“Okay,” Macie smiled. Nora had a way of quickly making people like her.
“What did they hire you to do, Sweetie?” asked Nora.
Macie reached into her handbag and pulled out her offer letter. “I’m going to welding school.” The letter assigned her to Welding School Number 2 with nineteen other young women.
“That’s great,” Nora commented. “You know, the men here haven’t really accepted us yet. Some of them can be real bastards with their smart remarks. I don’t take their shit. I just give it back to them in spades.”
“Well, the men will just have to get used to us,” Macie replied with just a touch of attitude. “We’re here to stay until we win this war. The world is changing and people will just have to change with it.” She immediately recalled her last conversation with Jake, which did not go that well. “Of course,” she continued almost absent-mindedly, “that includes my boyfriend who’s not at all too happy right now that I’m doing this.”
“Where is he? What does he do?” asked Nora.
“He’s in the army soon to be a paratrooper.”
“Oh, I love their uniforms.” Nora’s mood suddenly turned glum as if she suddenly remembered something she wanted to forget. “My boyfriend is in the army too. He’s in the Thirty-first Infantry Regiment in the Philippines. I haven’t heard from him since the surrenders.” She was referring to the surrender of the Bataan Peninsula to the Japanese on 9 April and the adjoining island of Corregidor on 10 May 1942. Those surrenders ended effective American resistance in the Philippines with almost 100,000 Filipino and American soldiers becoming prisoners-of-war. To make matters worse for Americans back home, there were rampant rumors of ruthless and cruel treatment and atrocities being committed by the Japanese. “I just pray every night that Butch is safe, wherever he is.”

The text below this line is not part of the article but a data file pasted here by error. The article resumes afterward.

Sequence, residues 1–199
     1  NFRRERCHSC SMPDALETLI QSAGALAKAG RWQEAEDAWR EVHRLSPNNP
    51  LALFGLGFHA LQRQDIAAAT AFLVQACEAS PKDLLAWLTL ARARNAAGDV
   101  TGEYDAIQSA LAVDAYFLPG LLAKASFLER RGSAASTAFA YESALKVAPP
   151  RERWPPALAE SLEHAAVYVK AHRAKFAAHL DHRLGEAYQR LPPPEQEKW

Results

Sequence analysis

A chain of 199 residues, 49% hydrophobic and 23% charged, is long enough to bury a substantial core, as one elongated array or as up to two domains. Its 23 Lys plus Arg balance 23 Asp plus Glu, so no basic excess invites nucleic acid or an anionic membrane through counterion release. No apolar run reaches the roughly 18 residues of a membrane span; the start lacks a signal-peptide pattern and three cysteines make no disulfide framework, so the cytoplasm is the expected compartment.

Macie was at a loss for words. She was instantly sorry she had brought up the subject. “The faster we build these ships, the faster we can get our boys back home,” was the best she could think of.
“Right, girl!” Nora finally smiled again. “That’s the spirit. Screw them all! The Japs, the Germans and those small-minded bastards who are scared we women are going to take their precious jobs.” Nora seemed to recover. Macie could tell Nora was summoning up some inner reserve of strength to get herself past this awkward moment. Nora glanced at her wristwatch. “I’d love to chat, Sweetie, but I have to leave now. I’m working the swing shift this week.”
Though it was Sunday and she was not to report until the following day, Macie decided she would take a dry run to the shipyard to be sure she would not get lost on her first day on the job. “Can I tag along?” she asked. “ So I know my way tomorrow?”
“Sure, Macie. It looks like we’ll be working different shifts anyway so we probably won’t be seeing much of each other. That makes this small apartment a little more livable.”
“That’s too bad,” answered Macie. “I think I’m going to like having you as a roommate, Nora.”
Nora got off the bus at Gate 3 and explained to Macie where to go and what bus to take back. The busses ran continuously so getting back should be easy, Macie thought.
Macie took off her gloves and put them in her handbag. She took off her shoes and immediately felt less noticeable. Walking barefoot did not present a problem, as her feet were thick with calluses. With her offer letter in hand, she took a deep breath and approached the security shack.